University unveils TUTV cable station

A $1.2 million gift from the Kal and Lucille Rudman Foundation will make TUTV produced in Annenberg Hall possible beginning in the Fall semester.

A $1.2 million gift from the Kal and Lucille Rudman Foundation will make TUTV produced in Annenberg Hall possible beginning in the Fall semester.

A $1.2 million gift to Temple will fund a new Main Campus media center designed to give students practical experience in the broadcasting field, thanks to the Kal and Lucille Rudman Foundation.

The aptly named Kal and Lucille Rudman Media Production Center in Annenberg Hall will be home to the university’s new television station, TUTV, scheduled to air this fall.

At a reception Wednesday in Sullivan Hall, the university honored foundation founders Kal and Lucille Rudman and emphasized the significance of its new media center and television station.

“I feel blessed to be able to help Temple students for many years to come,” Kal Rudman said.

TUTV, a cable station, will feature programming from the variety of content produced by students and faculty. Associate Professor Paul Gluck, TUTV’s general manager, said programming will range from news shows to dance recitals, musical pieces and art presentations.

“I’m absolutely thrilled that we have the opportunity to watch a television station for Temple University. It’s something that will benefit every student and all the faculty,” Gluck said. “I think it will be important for our alumni. I think TUTV will provide us with an interactive pathway with the community, [which] Temple University hasn’t had for many years.”

The media center will contain a master control room, studio and editing facilities. Gluck said TUTV will shoot on location throughout Main Campus and the Temple community. He noted that the new television channel is still undetermined.

The media center will also include an adjacent classroom and newsroom to be used for instruction and seminars on broadcasting topics. Students will have the opportunity to do internships working with TUTV.

Gluck said TUTV is important to all students and will not be limited to broadcast, telecommunications and mass media majors.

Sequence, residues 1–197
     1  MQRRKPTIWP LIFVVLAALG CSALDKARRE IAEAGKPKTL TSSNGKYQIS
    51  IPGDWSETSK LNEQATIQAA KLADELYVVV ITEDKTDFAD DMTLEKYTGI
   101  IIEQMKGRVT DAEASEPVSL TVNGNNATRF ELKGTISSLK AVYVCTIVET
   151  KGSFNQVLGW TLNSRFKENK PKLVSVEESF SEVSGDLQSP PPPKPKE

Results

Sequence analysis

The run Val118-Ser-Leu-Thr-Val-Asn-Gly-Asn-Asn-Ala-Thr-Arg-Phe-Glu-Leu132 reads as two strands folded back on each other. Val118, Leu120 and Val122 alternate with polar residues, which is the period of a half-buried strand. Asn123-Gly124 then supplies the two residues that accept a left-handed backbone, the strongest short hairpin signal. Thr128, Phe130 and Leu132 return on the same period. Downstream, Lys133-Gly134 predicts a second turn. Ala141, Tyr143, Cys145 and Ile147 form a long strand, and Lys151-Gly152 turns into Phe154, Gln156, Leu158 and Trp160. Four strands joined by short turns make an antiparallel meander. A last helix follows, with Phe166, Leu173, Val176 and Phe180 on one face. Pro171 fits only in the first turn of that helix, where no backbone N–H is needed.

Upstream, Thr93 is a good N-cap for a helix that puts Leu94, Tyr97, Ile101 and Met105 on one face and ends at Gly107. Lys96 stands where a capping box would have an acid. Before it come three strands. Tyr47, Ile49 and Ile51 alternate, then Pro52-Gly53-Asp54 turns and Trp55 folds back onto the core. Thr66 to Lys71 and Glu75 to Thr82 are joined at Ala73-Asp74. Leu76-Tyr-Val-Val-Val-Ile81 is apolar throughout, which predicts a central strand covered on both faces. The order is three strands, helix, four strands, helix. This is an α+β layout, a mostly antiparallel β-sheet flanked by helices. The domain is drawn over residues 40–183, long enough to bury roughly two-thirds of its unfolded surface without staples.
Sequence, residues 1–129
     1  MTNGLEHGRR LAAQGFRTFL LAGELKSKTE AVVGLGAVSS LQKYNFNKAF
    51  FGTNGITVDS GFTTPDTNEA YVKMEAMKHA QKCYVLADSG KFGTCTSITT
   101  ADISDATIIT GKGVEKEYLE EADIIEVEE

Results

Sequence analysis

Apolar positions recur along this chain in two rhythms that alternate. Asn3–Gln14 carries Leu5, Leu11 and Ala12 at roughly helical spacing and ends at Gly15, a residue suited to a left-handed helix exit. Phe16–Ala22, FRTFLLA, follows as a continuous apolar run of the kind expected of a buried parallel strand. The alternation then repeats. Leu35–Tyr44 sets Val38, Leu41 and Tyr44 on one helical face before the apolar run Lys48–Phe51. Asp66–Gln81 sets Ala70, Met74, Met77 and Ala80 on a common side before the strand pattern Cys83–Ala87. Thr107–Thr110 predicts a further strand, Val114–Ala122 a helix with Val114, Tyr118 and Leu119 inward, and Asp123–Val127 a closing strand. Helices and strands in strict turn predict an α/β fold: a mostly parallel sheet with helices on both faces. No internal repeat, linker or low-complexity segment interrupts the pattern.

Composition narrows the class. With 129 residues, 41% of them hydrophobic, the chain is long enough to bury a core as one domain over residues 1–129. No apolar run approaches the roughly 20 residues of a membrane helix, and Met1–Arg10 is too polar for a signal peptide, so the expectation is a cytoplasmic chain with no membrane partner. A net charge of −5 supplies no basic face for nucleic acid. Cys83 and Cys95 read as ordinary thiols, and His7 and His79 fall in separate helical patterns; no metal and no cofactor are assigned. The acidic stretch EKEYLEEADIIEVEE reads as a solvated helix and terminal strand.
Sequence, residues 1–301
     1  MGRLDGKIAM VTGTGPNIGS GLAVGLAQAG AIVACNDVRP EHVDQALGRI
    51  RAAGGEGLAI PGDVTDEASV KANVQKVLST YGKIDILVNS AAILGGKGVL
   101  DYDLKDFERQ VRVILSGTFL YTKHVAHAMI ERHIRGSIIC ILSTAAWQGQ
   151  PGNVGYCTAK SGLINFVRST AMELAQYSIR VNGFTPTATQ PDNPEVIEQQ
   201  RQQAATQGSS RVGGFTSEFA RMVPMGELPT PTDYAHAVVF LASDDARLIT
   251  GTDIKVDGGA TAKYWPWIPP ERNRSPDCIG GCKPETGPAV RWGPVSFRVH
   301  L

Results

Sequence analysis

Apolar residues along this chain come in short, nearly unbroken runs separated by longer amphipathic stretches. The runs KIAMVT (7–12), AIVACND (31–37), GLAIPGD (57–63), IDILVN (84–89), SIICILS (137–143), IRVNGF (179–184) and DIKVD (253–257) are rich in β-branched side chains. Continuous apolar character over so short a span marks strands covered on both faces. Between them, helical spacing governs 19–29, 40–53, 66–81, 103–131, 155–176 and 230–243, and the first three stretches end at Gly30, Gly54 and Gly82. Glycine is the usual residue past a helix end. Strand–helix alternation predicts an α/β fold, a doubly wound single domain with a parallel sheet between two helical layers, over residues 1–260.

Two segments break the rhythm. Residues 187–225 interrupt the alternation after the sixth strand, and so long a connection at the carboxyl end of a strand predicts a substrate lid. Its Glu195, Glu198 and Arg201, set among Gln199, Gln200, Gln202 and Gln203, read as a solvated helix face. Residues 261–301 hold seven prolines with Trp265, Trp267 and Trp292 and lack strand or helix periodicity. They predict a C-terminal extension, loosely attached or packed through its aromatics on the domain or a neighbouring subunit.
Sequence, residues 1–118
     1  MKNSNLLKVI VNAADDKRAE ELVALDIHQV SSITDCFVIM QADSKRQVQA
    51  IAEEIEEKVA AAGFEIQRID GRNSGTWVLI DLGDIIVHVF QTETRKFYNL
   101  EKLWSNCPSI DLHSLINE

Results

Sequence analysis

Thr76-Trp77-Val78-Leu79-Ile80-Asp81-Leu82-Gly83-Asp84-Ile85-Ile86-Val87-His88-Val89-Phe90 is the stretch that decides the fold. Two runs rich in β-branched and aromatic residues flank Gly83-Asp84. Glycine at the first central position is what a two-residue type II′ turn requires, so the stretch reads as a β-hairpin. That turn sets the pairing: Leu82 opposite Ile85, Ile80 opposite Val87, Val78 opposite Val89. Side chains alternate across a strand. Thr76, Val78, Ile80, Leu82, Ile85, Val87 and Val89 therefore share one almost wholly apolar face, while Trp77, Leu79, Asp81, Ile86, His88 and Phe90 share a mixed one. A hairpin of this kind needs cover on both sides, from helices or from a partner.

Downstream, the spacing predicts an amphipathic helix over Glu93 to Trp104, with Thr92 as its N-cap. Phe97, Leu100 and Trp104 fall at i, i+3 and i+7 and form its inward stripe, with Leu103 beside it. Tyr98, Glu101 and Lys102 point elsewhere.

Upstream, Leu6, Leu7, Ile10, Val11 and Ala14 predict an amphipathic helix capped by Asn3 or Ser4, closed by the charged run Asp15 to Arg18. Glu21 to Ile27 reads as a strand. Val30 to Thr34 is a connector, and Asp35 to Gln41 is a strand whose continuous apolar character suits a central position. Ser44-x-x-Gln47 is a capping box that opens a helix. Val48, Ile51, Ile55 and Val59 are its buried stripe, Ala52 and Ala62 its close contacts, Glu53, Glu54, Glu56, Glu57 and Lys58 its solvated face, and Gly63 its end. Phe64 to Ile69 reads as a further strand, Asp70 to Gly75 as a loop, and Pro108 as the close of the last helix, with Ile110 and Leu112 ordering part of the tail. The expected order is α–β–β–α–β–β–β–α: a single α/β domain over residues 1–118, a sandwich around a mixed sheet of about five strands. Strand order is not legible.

“So many students from so many different disciplines come with their own media skills because they have grown up in this environment, and we would welcome them to work on TUTV,” Gluck said.

Several students and faculty expressed their gratitude toward the Rudmans through a video production aired at the reception.

“[Kal and Lucille Rudman have been] part of our school and part of our community, and they’ve been so involved in everything we do,” President Ann Weaver Hart said, noting that it took the university five years to secure the digital license for TUTV.

The Rudmans are known for their philanthropy to broadcasting and education. They have also contributed to Philadelphia’s Broadcast Pioneers, an organization that has produced several scholarships to Temple students.

Recipients of the organization’s awards for 2010 expressed excitement over development plans for TUTV and the media center.

“The Rudmans are providing Temple students with this absolutely wonderful opportunity. And to even have a television station on campus, we’re getting real life experience during our college years – it’s something that you can’t really put a price on,” Lindsey Bitter, a sophomore BTMM major, said. “I’m really excited to get in those classes and just learn.”

Lena Van can be reached at

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